Still fish amid the frost and snow
  |  First Published: August 2007

The region thankfully has been receiving scattered storm activity over the past few months and some recent snowfalls on the higher peaks which have maintained river levels. Admittedly, most flows are still at the lower end of the scale but our regional streams are holding their own despite dry conditions elsewhere west of the Divide.

Apart from the odd snow dump, the days generally continue to be mild although some cracking frosts have defied even the most hardy to venture forth on an early start.

All you cod fanatics are facing the reality of a month to go before the season ends. Reports continue to trickle in of reasonable cod activity though, as one would expect, the fish are entering a dormant period. Smaller fish are still on the go throughout the Tableland headwater streams but most of the larger breeding fish will be retreating to the thick stuff.

Dams such as Copeton and Pindari are probably the better options for one last chuck at the green fish. As mentioned last month, stick close to the structure for your best chance.

Keepit Dam is an interesting one at this time of the year. Overall, it lacks the rock cover found throughout dams within the Tableland granite belt and for this reason most fish will be tucking themselves into the sticks. And at Keepit this generally means the old river bed.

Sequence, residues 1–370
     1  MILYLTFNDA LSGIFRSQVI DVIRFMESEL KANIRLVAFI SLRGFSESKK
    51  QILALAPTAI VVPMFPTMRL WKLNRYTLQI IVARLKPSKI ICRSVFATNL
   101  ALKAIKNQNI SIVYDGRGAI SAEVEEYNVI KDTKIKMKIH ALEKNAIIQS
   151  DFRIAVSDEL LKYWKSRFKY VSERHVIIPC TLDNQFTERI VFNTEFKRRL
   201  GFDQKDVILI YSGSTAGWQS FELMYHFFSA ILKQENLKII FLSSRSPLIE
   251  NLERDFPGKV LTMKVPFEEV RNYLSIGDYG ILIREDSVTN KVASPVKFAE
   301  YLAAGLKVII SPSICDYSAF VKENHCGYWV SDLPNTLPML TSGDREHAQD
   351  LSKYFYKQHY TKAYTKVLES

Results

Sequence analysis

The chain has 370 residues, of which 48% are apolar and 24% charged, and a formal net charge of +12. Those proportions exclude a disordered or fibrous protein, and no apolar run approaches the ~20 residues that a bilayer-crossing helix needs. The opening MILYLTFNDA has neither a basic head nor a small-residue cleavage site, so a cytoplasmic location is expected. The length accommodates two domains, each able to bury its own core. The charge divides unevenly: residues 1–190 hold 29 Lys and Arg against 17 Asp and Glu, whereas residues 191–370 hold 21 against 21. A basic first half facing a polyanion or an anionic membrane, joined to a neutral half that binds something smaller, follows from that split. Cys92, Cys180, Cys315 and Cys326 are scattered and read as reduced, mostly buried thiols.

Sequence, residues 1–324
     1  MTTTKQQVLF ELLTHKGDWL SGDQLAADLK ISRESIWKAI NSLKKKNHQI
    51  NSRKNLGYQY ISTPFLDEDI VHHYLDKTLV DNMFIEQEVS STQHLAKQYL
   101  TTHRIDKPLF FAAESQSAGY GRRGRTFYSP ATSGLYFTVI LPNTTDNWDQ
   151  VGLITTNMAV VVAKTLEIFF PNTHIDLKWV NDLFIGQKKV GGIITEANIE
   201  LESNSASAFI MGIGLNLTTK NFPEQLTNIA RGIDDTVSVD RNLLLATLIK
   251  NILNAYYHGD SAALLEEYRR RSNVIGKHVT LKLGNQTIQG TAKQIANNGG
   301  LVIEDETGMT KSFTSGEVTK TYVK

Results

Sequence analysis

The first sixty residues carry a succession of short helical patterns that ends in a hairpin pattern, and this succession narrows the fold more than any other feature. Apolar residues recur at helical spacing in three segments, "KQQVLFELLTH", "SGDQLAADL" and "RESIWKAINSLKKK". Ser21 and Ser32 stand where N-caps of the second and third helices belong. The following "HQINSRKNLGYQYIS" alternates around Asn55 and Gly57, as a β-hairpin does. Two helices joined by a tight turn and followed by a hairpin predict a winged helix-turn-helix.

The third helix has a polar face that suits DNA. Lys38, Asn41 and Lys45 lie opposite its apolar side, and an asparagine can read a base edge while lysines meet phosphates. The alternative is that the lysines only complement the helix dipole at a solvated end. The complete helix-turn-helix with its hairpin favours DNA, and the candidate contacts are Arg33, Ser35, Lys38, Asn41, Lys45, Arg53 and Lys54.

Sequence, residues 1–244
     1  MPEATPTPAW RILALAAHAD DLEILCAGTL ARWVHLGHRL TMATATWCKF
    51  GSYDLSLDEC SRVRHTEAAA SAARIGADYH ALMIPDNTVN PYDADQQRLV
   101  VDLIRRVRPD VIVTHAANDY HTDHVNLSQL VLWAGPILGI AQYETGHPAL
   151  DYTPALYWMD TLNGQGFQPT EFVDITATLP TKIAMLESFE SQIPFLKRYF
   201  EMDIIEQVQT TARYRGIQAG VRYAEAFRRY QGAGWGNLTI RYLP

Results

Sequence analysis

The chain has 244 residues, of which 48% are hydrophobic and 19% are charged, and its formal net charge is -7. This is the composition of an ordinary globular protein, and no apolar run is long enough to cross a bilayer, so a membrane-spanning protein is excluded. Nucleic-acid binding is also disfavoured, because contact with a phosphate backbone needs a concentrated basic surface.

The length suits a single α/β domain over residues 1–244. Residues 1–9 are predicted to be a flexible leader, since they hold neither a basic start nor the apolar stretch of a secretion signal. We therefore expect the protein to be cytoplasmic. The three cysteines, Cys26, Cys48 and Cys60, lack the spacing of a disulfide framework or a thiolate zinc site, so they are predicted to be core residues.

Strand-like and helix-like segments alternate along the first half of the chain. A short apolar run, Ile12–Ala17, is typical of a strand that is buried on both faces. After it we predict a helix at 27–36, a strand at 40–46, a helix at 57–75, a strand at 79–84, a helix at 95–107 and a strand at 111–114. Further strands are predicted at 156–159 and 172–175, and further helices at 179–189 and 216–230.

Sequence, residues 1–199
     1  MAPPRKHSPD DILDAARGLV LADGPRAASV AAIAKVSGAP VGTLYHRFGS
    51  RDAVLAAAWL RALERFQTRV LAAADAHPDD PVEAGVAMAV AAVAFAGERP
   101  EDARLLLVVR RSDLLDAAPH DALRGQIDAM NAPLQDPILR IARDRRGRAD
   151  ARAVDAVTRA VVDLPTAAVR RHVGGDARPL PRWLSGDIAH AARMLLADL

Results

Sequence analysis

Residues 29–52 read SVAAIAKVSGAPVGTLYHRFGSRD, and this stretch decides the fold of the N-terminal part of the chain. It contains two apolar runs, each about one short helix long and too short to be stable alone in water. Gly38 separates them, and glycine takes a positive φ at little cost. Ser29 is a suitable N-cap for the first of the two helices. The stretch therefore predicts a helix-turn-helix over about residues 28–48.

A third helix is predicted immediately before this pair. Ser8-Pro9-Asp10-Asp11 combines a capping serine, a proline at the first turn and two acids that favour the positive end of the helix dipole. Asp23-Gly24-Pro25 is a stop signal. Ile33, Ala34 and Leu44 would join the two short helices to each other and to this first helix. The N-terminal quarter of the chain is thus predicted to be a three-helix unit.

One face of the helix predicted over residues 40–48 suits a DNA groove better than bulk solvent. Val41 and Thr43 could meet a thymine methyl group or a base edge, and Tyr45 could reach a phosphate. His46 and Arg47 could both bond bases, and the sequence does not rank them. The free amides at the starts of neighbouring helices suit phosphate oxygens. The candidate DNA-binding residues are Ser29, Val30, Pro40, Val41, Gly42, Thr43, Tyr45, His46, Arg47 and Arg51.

Particularly given the low water levels being suffered at Keepit, you won’t need a sounder to find the old course – just focus on the trail of drowned timber.

Trolling is extremely hazardous at present. Many limbs which would normally be deep are just below the surface and you’ll be well advised to approach any trolling run with care. Snagging up is also a high probability so most canny anglers will cast towards the prominent structure from a drifting boat.

If the breeze puffs a bit, drifting is a much better option than motoring through the timber. It allows a quieter approach and also with the motor raised you’ll get half a metre of extra clearance to poke around.

Jigging or slowly retrieving lightly weighted rubber tails can be a good option. Often the fish may be holding shallow at this time, especially where there are plenty of horizontal limbs just below the water.

Chaffey Dam, near Nundle, is another Winter venue worth a visit. Relatively free of structure, it offers the best option for lengthy trolling.

The cliffs towards the dam wall will produce the odd fish but I’d also consider putting some time in around the island as well as drop-offs along the numerous shallows. Don’t be surprised if a big carp or two throttles a trailing lure; there are some big mud puppies here.

Golden perch have been noticeably absent throughout most regional impoundments in recent months. As a result, many local anglers have been heading down to the smaller Hunter Valley dams and testing their deepwater tactics for a few bass.

While Spring and Summer are a better bet for these fish, those who’ve taken the time to experiment can consistently lift Winter fish here. The key seems to be locating bait balls in mid to deep water and then circle-trolling deep divers, much the same as you’d chase billfish on bait schools.


As a final note, the redfin have been going berserk at Malpas Dam according to some of my sources. Unfortunately this impoundment which provides water to Armidale can be accessed only through contact with the St. Kilda Hotel Fishing Club and, yes, the gate is locked.